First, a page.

Nepali artist Sunil Ranjit and French-born artist Vincent Greby’s painting exhibition ‘Color Alchemy’ is on display at Kisimaka, Mandala Street, Thamel. The exhibition curated by Meena Lama began on February 9.
Upon stepping into the gallery, visitors are greeted not by the typical atmosphere of a gallery, but rather by one reminiscent of a cosy living room. Here, the paintings exude vibrancy, creating a serene setting conducive to engaging conversations.
Kismat Shrestha, an architect by profession and the proprietor of Kisimaka, also aspires to the same and envisions his establishment as more than just a gallery space. For this, he conceptualises the use of contemporary Nepali art in textiles and Kisimaka as an art hub. As such, Ranjit’s one of the paintings has transformed into a beautiful and elegant pashmina shawl, which is also on display.
He says, “This is just the beginning and a way to reach out to international platforms promoting Nepali art that has the blend of tradition and contemporary essence.”
In line with the title of the exhibition, the displays have brought together a show with a blend of colours and imagination that can be transformed into fabrics.
Chhipa from the Newa community, known for fabric dyeing in Kathmandu Valley, are responsible for blending colours and imagination into fabrics. The Rasta-coloured scarfs used by Majipa Lakhe (mask dancer) during Indrajatra are prepared by the Chhipa community, which is just one example.
Artist Ranjit belongs to the same community. Moreover, Ranjit’s family used to dye fabrics for laypeople to the King of Nepal. To pay homage to the ancient skill and tradition, a section has been given where photographs of people wearing traditionally dyed clothes are on display along with information about the Chhipa community.
In Ranjit’s painting Lakhe Aaju, he has created a figure of Majipa Lakhe in abstract form. When you look at the painting close up you will not notice any figure, you will just see blobs of different hues of yellow, black, red and more in acrylic colour. But if you look at the same painting from a distance you will see a figure who is dancing vigorously and that figure is Majipa Lakhe.
The blend of colours and imagination
About the exhibition Lama says, “The exhibition Color Alchemy, intends to harness the inherent properties of colour to evoke profound emotional and spiritual responses, akin to the alchemists of old, sought to transmute base metals into gold.”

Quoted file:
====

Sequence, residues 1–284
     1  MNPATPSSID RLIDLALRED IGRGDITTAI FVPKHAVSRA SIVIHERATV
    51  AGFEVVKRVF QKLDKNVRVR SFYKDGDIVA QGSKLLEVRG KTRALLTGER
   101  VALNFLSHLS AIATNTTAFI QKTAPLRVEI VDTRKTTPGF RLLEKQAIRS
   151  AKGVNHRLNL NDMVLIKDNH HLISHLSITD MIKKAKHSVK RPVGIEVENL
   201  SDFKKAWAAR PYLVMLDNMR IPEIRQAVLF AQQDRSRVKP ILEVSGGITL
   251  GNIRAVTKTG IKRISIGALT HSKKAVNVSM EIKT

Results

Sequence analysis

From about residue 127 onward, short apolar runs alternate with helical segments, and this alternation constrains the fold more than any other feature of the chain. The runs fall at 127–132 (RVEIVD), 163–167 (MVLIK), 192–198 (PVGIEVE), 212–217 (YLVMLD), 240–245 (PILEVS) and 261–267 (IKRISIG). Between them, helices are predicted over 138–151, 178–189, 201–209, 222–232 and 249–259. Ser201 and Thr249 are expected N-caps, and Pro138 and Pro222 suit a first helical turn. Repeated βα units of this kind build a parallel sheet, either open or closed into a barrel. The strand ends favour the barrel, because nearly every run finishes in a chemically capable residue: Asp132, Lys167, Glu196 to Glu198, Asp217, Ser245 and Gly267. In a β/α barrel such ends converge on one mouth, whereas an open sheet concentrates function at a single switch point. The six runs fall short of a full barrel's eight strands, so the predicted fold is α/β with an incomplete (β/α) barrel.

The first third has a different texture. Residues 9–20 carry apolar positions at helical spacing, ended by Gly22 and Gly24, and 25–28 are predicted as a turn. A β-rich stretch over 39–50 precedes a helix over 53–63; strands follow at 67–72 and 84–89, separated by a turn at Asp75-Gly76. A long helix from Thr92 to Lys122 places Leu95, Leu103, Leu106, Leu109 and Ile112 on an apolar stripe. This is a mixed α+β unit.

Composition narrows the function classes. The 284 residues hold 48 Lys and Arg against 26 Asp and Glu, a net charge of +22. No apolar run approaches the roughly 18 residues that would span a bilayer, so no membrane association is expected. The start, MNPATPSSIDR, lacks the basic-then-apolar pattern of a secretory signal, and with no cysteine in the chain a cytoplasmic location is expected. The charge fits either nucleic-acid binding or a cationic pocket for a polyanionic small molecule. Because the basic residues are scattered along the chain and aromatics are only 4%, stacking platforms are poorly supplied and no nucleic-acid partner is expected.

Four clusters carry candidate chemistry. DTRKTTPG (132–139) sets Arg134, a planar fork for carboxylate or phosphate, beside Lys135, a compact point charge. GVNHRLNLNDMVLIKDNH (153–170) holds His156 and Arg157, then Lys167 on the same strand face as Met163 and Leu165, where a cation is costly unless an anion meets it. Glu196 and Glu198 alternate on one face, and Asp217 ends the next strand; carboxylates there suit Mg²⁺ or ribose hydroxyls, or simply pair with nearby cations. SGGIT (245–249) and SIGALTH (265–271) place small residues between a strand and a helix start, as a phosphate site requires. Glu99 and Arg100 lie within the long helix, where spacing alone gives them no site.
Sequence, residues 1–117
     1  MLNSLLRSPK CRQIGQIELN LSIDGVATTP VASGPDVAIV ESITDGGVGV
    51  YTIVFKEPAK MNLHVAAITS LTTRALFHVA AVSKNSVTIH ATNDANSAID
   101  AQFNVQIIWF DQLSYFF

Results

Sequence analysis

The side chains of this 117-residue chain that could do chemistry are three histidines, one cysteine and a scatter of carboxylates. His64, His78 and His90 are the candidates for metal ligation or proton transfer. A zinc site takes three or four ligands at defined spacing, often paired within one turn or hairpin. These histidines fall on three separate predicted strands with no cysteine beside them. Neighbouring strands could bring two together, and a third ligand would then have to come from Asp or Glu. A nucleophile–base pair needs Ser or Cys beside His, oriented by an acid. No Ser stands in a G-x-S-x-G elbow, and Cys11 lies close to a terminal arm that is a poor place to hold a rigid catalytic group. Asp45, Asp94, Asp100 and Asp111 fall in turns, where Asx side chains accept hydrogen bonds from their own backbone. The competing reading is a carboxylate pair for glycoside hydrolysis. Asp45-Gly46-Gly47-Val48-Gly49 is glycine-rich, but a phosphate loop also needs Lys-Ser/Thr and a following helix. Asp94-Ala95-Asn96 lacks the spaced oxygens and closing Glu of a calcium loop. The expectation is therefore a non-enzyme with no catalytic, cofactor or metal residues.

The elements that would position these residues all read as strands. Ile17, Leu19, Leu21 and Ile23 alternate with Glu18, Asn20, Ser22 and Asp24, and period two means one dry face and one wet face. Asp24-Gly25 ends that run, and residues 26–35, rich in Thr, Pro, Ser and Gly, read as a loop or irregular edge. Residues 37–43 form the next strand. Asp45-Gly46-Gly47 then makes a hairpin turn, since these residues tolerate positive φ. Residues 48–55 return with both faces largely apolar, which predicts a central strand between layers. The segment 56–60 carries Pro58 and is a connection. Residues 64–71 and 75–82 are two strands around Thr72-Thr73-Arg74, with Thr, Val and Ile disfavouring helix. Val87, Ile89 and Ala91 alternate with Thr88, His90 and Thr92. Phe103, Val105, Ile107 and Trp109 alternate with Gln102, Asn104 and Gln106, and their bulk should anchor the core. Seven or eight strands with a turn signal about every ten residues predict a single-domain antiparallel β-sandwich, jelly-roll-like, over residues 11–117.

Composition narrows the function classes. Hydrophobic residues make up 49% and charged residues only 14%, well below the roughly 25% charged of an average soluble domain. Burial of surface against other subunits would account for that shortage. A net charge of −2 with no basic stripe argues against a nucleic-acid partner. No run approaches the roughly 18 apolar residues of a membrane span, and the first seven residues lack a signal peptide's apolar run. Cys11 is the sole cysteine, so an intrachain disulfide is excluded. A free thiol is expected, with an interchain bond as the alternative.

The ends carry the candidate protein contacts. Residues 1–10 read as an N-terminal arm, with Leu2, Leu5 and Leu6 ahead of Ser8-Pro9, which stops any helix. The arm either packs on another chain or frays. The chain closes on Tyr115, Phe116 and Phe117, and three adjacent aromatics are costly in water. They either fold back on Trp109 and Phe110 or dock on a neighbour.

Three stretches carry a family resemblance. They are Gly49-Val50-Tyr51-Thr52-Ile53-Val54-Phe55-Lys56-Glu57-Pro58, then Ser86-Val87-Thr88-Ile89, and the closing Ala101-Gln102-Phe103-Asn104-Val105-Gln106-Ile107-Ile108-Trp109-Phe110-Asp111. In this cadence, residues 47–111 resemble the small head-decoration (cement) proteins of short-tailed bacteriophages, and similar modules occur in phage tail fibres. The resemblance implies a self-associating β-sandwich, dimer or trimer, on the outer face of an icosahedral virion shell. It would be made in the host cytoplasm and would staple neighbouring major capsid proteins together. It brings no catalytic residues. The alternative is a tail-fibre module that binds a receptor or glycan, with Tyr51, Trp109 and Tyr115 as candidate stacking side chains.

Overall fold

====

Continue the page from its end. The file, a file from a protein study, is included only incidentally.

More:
According to her, Ranjit and Greby use colour(s) as their medium to transmute raw emotion into exquisite visual compositions. Each brushstroke becomes a catalyst for transformation, as colours blend to form an intricate array of thoughts and feelings.
“Together, the works of Ranjit and Greby offer a profound exploration of colour alchemy, where each stroke of the brush manifests enchantment and invites viewers to witness the mystical dance of colours on canvases,” adds Lama.
Ranjit’s abstract paintings showcase the blend of light and dark through hues where they move in different directions forming a scenario of dance. He uses vibrant and soft hues such as pink, green, and blue along with red, black grey and more. He hopes that the viewers of his paintings can contemplate the use of colours and motions in their journeys, interactions or interpretations within his paintings.
Moreover, Greby’s paintings are inspired by his experiences living between Nepal, Korea and France. He believes his paintings are his self-representation and that paintings should evoke universal feelings that transcend cultural and linguistic barriers.
In his paintings, viewers can see the use of minimal colours and motifs. He has used ocher tones in his painting and has a sense of harmony. In his painting ‘Self-portrait’, using minimal lines and circles on an ocher-toned background, he has created a portrait of himself in a ghostly or mysterious manner.
Color Alchemy showcases the use of art in lifestyle and if you too want to experience the same visit the exhibition that continues till March 15.
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